Jageshwar Temples stand out as a unique cluster for more reasons than one. Set among the intimidating evergreen deodars of the Kumaon hills, the approach is peaceful and smooth, unlike the burgeoning masses one encounters en route to other pilgrimage hot spots. The road that forks off the state highway sets your mind space into meditative mode. Thatís if you allow yourself to be hypnotised by tree trunks rushing by as you drive past, barely attentive to the rivulet Jata Ganga flowing along the road, yet absorbing the lengthy decisive journey it must make from its inception at the glacier to a bumpy ride over rocks and plains to meet the finality of its destiny.
At an elevation of 1870 metres above sea level, Jageshwar in Uttarakhand, is equidistant from Ranikhet and Almora. The hundred temples dated between the ninth and thirteenth century ó most of them maintained by the Archaeological Survey of India ó include Mrityunjay Temple, Kuber Temple, Dandeshwar and Jageshwar Temples. Mrityunjay Temple is considered the oldest in the complex and Dandeshwar Temple the largest. The deluge in Uttarakhand last June had mainly affected the northern regions leaving the roads and towns intact in these parts.
It is best to make an early start from Ranikhet. The 45-km drive is normally uneventful and smooth. Abundantly visible on the highways from Delhi, on this particular stretch the local dhaba and fast food restaurants are conspicuous by their absence. So itís better to be prepared with some pre-packed eatables. But most North Indians would miss a sit out by the road with steaming cups of freshly prepared tea and piping hot parathas laden with butter. However, some way beyond the town of Majkhali, there is small make-shift dhaba serving a simple but filling fare of boiled eggs, kala chana (black gram) masala, or boiled eggs with kala chana masala and tea.
The weather gods can be moody; alternating between a warm sun and cool calm breeze on the one hand, rain and clouds on the other. At times, the rain can catch unawares near Jageshwar, blocking out the sun suddenly.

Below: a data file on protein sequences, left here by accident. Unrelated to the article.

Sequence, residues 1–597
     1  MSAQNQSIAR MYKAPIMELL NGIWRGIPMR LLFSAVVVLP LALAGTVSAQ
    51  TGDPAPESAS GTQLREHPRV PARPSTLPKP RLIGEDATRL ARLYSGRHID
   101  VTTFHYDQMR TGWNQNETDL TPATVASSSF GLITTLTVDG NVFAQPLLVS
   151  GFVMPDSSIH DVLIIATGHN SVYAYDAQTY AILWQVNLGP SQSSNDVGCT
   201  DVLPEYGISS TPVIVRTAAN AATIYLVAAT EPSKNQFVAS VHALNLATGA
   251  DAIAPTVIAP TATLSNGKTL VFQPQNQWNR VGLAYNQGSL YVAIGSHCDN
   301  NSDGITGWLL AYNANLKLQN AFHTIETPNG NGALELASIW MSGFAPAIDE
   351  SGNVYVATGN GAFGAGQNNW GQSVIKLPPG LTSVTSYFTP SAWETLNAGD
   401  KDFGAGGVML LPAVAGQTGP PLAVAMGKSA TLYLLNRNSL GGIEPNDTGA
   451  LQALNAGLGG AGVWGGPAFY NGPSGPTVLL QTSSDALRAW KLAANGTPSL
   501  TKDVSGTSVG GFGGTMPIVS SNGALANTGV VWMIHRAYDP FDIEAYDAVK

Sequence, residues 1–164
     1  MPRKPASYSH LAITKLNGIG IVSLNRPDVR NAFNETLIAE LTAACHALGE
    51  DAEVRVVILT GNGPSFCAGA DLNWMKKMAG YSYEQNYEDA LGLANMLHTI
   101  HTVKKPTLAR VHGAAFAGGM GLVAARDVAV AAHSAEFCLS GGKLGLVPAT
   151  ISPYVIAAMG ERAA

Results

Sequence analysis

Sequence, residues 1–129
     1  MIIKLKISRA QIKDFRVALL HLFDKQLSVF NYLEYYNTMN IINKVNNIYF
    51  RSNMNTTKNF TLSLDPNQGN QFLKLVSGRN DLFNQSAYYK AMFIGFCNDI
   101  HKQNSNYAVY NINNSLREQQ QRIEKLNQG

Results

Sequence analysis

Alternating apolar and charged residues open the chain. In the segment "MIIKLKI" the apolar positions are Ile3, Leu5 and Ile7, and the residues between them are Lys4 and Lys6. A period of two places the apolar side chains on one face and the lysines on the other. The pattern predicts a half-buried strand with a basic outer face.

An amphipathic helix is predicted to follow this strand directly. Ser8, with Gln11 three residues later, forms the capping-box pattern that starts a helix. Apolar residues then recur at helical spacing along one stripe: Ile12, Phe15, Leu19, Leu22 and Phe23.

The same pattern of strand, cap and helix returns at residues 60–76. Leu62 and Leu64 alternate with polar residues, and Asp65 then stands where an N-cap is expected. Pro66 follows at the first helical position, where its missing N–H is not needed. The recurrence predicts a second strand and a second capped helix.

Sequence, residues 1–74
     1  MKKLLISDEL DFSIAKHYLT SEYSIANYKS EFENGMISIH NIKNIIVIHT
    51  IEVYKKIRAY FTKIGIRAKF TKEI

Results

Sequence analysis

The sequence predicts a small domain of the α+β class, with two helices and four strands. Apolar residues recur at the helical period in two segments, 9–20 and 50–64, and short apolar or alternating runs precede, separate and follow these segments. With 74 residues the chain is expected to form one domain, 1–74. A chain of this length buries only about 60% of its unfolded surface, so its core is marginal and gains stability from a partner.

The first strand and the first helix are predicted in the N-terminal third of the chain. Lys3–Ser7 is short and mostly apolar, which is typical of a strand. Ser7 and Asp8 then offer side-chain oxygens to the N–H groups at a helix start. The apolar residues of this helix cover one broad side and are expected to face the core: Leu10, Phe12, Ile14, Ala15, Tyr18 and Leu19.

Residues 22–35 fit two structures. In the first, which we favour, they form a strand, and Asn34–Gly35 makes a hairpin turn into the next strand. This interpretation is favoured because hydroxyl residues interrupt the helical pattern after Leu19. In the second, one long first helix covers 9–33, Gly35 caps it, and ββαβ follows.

A narrow road leads to the gate of the temple complex, with almost two dozen shops on either side.
The complex has at least two dozen large stone temples dedicated to various deities and a few smaller ones where only two people and a priest can conduct poojas. The main temple is Shri Jyotirling Jageshwar Mandir centred on the single stone formation that is revered as representation of Lord Shankar and Ma Parvati. The idols are in a rugged stone home with barely any daylight seeping in; with only the royal patronage and company of Kumaoni king Raja Deepchand whose figure holds a diya continuously burning for them since the last century and a half if one is to believe the local priest. Interestingly, the tikka used is the mild scented cedar wood not sandalwood as one would traditionally expect.
On the return journey, one can find many more temples of a similar architecture and period dotting the landscape; visible behind the trees, suddenly springing up on the side of the road or by the Jata Ganga that flows muddy. Jata (matted hair locks), brings to mind an evocative image of Shiva with Ganga flowing from his top knot.
How to reach: Train or bus from Delhi to Kathgodam, then bus or car to Ranikhet/Jageshwar.
Best time to visit: September to November, March to May. Pack in a jacket and cap for the evenings.
Other attractions: Chaubatia, Jhula Devi Temple, Haida Khan Temple